This is the Baroque Iglesia de Santiago Apostol, more popularly known as the Paete Church. It was built in 1884, although the first structure dates back to 1646 ; it and subsequent versions were destroyed by earthquakes until this current incarnation proved to be more resistant to such tremors.
The south transept and its intricate bas-reliefs, albeit ruined by the addition of a grotto and a tarpaulin for announcements. Many churches within the country, including those that were built during the Spanish period, have their architectural glories blighted by these trivialities.
Yet, those two elements are nothing compared to this monstrosity: a 'cultural' stage that has managed to obliterate the sight of that southern wall. If you want to admire that portion of the church, you have to walk past that stage and into the transept's adjoining patio. There is no admiring the church's southern wall from afar.
Still, you can use some bit of imagination and at least for the meantime, have a mental picture of that church, in the same angle, with that mountain and that expanse of sky behind it. You may also pretend that those unsightly electric lines are non-existent while you're at it.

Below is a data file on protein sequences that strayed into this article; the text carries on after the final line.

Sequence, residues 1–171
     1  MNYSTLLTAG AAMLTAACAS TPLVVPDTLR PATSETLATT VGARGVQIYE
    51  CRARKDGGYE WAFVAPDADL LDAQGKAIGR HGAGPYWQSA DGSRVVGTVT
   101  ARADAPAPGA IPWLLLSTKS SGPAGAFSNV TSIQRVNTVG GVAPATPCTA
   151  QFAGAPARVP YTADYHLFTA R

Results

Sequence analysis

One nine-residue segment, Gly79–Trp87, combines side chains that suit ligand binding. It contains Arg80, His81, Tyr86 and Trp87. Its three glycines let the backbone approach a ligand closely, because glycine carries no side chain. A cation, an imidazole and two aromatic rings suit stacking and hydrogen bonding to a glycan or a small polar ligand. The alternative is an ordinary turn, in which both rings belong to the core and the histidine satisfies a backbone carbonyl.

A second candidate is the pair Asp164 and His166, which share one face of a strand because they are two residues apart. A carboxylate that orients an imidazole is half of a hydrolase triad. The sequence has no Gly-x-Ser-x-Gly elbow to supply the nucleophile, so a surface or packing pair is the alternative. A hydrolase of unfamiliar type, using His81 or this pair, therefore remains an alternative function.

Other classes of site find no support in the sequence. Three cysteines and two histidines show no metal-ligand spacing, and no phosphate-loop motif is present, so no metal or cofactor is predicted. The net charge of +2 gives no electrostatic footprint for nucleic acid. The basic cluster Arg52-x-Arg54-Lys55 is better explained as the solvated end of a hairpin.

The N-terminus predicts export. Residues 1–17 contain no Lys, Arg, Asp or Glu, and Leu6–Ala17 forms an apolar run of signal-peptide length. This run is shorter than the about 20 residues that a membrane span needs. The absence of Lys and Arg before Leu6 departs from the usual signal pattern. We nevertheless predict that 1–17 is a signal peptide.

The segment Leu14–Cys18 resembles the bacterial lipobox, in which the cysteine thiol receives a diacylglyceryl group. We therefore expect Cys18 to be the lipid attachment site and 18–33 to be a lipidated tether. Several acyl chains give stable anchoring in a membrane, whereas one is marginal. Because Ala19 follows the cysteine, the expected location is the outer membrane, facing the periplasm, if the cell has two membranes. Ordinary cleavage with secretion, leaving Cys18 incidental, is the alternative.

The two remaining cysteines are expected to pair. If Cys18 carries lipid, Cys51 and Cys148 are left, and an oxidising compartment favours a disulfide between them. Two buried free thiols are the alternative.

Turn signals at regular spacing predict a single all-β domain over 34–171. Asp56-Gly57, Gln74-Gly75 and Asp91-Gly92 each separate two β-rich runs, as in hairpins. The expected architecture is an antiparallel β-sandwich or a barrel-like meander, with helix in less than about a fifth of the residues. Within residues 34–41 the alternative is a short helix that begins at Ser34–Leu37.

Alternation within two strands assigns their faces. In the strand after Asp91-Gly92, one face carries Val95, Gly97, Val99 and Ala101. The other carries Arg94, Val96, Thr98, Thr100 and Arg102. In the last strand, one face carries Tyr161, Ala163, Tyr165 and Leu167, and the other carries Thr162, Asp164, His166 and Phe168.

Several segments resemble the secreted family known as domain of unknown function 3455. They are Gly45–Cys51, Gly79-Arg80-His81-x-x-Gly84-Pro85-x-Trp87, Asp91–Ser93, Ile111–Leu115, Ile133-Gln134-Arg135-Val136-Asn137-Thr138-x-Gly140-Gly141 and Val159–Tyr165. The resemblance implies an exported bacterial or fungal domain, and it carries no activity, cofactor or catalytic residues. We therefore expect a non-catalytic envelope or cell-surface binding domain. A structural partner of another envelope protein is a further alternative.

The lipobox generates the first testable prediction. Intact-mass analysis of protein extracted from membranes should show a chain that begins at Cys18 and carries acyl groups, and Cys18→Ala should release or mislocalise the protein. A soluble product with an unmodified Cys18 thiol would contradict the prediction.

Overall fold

View taken from the sidelines of the plaza's basketball court. Note how the entire stage structure has completely blocked the church, save for the upper portion of the belfry.
You may think that I am just being a curmudgeon, and you could be correct in that assumption, at least at some point. However, you also may want to search online for images of examples such as the Sto. Tomas de Villanueva (the Miag-ao Church) and the San Agustin (Paoay Church)- two Baroque churches whose vistas are unimpeded and their cultural contexts spared from short-sighted public projects that while useful, do not integrate well into the location proper. Perhaps the local government of Paete, in a flash of wisdom, will someday move that stage into some place where it will be more benign, but I doubt that. Not when people accept whatever is offered or given to them. "Okay na 'yan", many Filipinos with marginal tastes would often say.